The Center for Quantum Devices in the News by    
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81.  
QCL peak power record smashed
QCL peak power record smashed
Photonics Spectra magazine, February 2010, p. 19-20 - February 28, 2010
Only a year ago, the peak output power of a quantum cascade laser (QCL) was only 34W. Today, thanks to research at the Center for Quantum Devices (CQD), peak power of 120 W from a single device at room temperature has been achieved. This "breakthrough is particularly attractive for sensing chemicals at a distance and for infrared countermeasures," Professor Razeghi said, "because power is a luxury that defines range, speed, and sensitivity for targeting remote applications." ... [read more]
 
82.  
Producing more light than heat from quantum cascade lasers
Producing more light than heat from quantum cascade lasers
Semiconductor Today magazine, Vol. 5, Issue 1 - February 28, 2010
Two separate groups have reported increased wall-plug efficiency (WPE) for quantum cascade lasrs (QCLs) in Nature Phtonics: Manijeh Razeghi et. al at the Center for Quantum Devices (CQD) and Peter Liu et. al from Princeton and John Hopkins Universities. The CQD team uses a single-well injector to achieve 53% WPE at 40K with an emitting wavelength of 5 μm. In other words, they "Produce a quantum cascade laser that prduces more light than heat." ... [read more]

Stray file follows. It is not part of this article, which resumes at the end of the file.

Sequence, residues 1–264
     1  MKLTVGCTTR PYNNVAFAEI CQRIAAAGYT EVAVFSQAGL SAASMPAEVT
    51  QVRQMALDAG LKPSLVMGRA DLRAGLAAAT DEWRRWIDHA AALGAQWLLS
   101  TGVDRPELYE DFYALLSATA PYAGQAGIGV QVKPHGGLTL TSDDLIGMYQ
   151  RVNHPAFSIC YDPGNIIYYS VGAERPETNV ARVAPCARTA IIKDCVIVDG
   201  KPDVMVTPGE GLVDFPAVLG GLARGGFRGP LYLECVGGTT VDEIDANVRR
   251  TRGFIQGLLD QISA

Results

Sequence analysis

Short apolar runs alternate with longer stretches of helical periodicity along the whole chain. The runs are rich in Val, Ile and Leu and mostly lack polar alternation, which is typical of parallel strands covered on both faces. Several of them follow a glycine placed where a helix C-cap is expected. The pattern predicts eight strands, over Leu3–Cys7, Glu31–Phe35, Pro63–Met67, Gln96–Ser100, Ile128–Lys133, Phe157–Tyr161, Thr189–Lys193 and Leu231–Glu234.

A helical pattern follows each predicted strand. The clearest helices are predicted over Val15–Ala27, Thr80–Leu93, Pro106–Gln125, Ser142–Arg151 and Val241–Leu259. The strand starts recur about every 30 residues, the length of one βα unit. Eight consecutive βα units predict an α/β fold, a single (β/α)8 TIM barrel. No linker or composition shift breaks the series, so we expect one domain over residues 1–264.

83.  
Quantum Cascade lasers, a glass half full
Quantum Cascade lasers, a glass half full
NATURE PHOTONICS | NEWS AND VIEWS - February 15, 2010
Since the first report of its successful operation in the mid-1990s1, the quantum cascade laser (QCL) has evolved to become an important source of mid-infrared and terahertz radiation. However, it has historically been labelled as a device with a relatively poor efficiency of operation. This view may finally be about to change, thanks to the report in Nature Photonics by the Center for Quantum Devices of mid-infrared QCLs that provide wall-plug efficiencies reaching 50% for the first time. ... [read more]
 
84.  
New Quantum Cascade Lasers Emit More Light Than Heat
New Quantum Cascade Lasers Emit More Light Than Heat
Northwestern University McCormick News Article - January 11, 2010